By NANCY HERMANN
MODERN DANCE: Keigwin+Company will take over the stage of the PAC Nov. 18-19. Choregus Productions will host the unique performance filled with dance.
Have you seen a new movie lately? I haven’t. Perhaps there aren’t many good ones out right now. Or maybe I’ve seen more live entertainment than usual because there’s so much. I can’t stockpile nights at the theater in my “Watch If I Get The Flu” stack of films. Live entertainment is temporal, and that makes it even more precious.
Before the tickets are gone, plan to catch one or several of the late October and early November events at the .
Halloween-time fare includes a modern take on a tale of mental torture with Theatre Tulsa’s staging of Dr. Jekyll and Mr. Hyde, Oct. 28 through Nov. 5. And there’s American Theatre Company’s The Full Monty, with six out-of-work steelworkers showing their softer sides when they bare it all, emotionally and physically, in an attempt to upstage the Chippendales and make money. Catch that show Oct. 21-29.
Make room on your calendar for Tulsa Ballet’s Nine Sinatra Songs Oct. 28-30. A new soloist with the company, Argen-tina’s Sofia Menteguiaga, who I hope you had a chance to see in The Merry Widow, is a joy to watch. And she’s just one reason to see this three-piece showcase of dance.
Celebrity Attractions Broadway series kicks off an extraordinary season Nov. 1-6 with the 2010 Best Musical Tony Award winner, Memphis. Travel back to the 1950s to relive the music. This is a story about a white radio D.J. and a talented black club singer who want to be together despite the consequences of an interracial union. Bon Jovi’s keyboard player David Bryan wrote the score.
You can spot more people cuddling up at a Jim Brickman concert than almost any other event staged at the . A superb pianist and entertainer, Brickman is back Nov. 18, presented by Celebrity Attractions.
Celebrity also returns the Beatles show Rain to the stage, but for only two nights this time, Nov. 29-30. I’m a Beatles fan and I loved not only the music in Rain but also the entire historical framework that was so artfully incorporated with the music.
Tulsa Symphony has concerts in both October and November. And people are still talking about their September performance of Tchaik 4. The Symphony’s Larger Than Life on Oct. 22 features Crescendo Music Award-winning violinist Siwoo Kim performing Sibelius’ only concerto. Completing the evening is Strauss’ Also sprach Zarathustra, made famous by the film 2001: A Space Odyssey.
There’s also a film connection for Tulsa Symphony’s Nov. 12 concert, Disney’s Pirates of the Caribbean: the Curse of the Black Pearl. See Orlando Bloom and Keira Knightley, along with Johnny Depp channeling Keith Richards, when the Symphony plays and the men of the Tulsa Oratorio Chorus sing in front of the silver screen.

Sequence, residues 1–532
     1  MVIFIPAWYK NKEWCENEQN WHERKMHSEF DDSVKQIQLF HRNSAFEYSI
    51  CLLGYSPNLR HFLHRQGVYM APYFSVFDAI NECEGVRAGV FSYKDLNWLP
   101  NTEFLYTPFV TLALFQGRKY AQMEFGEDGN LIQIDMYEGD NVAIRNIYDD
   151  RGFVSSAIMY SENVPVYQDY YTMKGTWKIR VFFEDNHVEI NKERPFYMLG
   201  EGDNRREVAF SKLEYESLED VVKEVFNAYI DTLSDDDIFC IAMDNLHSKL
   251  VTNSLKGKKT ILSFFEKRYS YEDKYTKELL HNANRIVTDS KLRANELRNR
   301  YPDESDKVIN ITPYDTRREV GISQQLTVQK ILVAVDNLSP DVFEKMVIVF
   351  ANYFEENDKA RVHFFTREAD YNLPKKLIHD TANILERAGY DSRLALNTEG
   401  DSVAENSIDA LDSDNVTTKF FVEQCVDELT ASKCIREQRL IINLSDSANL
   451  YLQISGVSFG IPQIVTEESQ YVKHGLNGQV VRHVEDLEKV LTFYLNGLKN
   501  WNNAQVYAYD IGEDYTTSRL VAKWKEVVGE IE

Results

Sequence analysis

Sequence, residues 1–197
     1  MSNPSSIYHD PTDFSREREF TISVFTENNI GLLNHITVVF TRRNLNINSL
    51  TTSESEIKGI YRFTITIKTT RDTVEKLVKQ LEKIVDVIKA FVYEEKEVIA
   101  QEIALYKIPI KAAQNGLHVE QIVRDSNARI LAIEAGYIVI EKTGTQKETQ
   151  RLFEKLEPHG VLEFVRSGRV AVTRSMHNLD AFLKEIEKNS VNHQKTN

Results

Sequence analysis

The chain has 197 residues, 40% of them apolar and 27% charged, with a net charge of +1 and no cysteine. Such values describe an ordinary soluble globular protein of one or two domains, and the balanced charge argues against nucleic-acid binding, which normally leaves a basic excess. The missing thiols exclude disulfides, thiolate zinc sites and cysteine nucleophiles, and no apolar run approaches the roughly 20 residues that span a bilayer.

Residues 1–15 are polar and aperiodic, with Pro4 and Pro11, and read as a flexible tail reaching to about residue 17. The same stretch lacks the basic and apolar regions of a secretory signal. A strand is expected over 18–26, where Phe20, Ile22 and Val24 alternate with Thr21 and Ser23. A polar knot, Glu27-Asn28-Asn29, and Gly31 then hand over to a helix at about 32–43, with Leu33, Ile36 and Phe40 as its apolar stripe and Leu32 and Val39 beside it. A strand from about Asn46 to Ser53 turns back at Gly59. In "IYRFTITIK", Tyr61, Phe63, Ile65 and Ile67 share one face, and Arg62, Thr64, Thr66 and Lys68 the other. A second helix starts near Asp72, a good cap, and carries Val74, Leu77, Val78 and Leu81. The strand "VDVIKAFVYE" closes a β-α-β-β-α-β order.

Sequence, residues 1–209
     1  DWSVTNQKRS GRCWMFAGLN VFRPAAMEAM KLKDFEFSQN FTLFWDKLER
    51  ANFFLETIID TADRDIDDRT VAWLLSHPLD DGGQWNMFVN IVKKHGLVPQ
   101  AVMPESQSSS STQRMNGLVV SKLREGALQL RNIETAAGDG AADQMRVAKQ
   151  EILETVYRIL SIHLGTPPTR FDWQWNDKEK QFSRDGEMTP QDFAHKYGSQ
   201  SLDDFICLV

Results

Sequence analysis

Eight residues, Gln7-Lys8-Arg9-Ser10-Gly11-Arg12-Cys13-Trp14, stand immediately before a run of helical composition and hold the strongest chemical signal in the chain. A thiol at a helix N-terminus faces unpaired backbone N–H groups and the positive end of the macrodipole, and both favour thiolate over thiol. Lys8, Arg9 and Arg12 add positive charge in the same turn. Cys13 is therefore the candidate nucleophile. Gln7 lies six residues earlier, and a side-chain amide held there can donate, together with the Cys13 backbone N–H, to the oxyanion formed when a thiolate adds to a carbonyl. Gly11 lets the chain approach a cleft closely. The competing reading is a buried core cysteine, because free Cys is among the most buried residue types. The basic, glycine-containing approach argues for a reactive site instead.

Choregus Productions is back with two events in November, beginning Nov. 5 with the amazing young trio Time for Three. They call themselves a classically trained garage band. There is no way you can see this group and not come away raving. Then, Nov. 18-19 Choregus hosts the contemporary dance group Keigwin+Company. I’m expecting some fairly sexy and interesting dance pieces.
The Kalichstein-Laredo-Robinson Trio returns to Tulsa for Chamber Music Tulsa Nov. 6. This is one of the top chamber music groups in the country. They’ve built a solid reputation through the years, ever since they played at President Carter’s Inauguration.
We have more than our usual share of celebrities in November. On Nov. 8 is a show that is suited for grandparents as well as kids, and that’s because Buddy Valastro, the Cake Boss, is all about family. Buddy will tell stories about his family, friends and life in the bakery business, bring people on stage and demonstrate cake-decorating techniques. If you’ve watched his show, you know he’s one charismatic guy.
Improv geniuses Colin Mochrie and Brad Sherwood of Whose Line Is It Anyway? fame put on a family show too, and they are hilarious. Their “Two Man Group” appearance in Chapman Music Hall is Nov. 19.
Also at the are theatre performances with the Trust-sponsored children’s show The Borrowers, Nov. 4-5 and Playhouse Tulsa’s Third Annual 24-Hour Play Festival Nov. 19.
One other theatrical performance that will be worth your time and money is The Guys, presented by Theatre Pops, Nov. 10-13. Based on a true story, The Guys is about a New York City fire captain who is working with a ghostwriter to craft eulogies for the men he lost on 9/11. The bond the two develop helps them both grapple with the world-changing event and loss.
Live entertainment may be impermanent in form, but the experience is lasting.
Nancy Hermann is Director of Marketing at the Tulsa Performing Arts Center.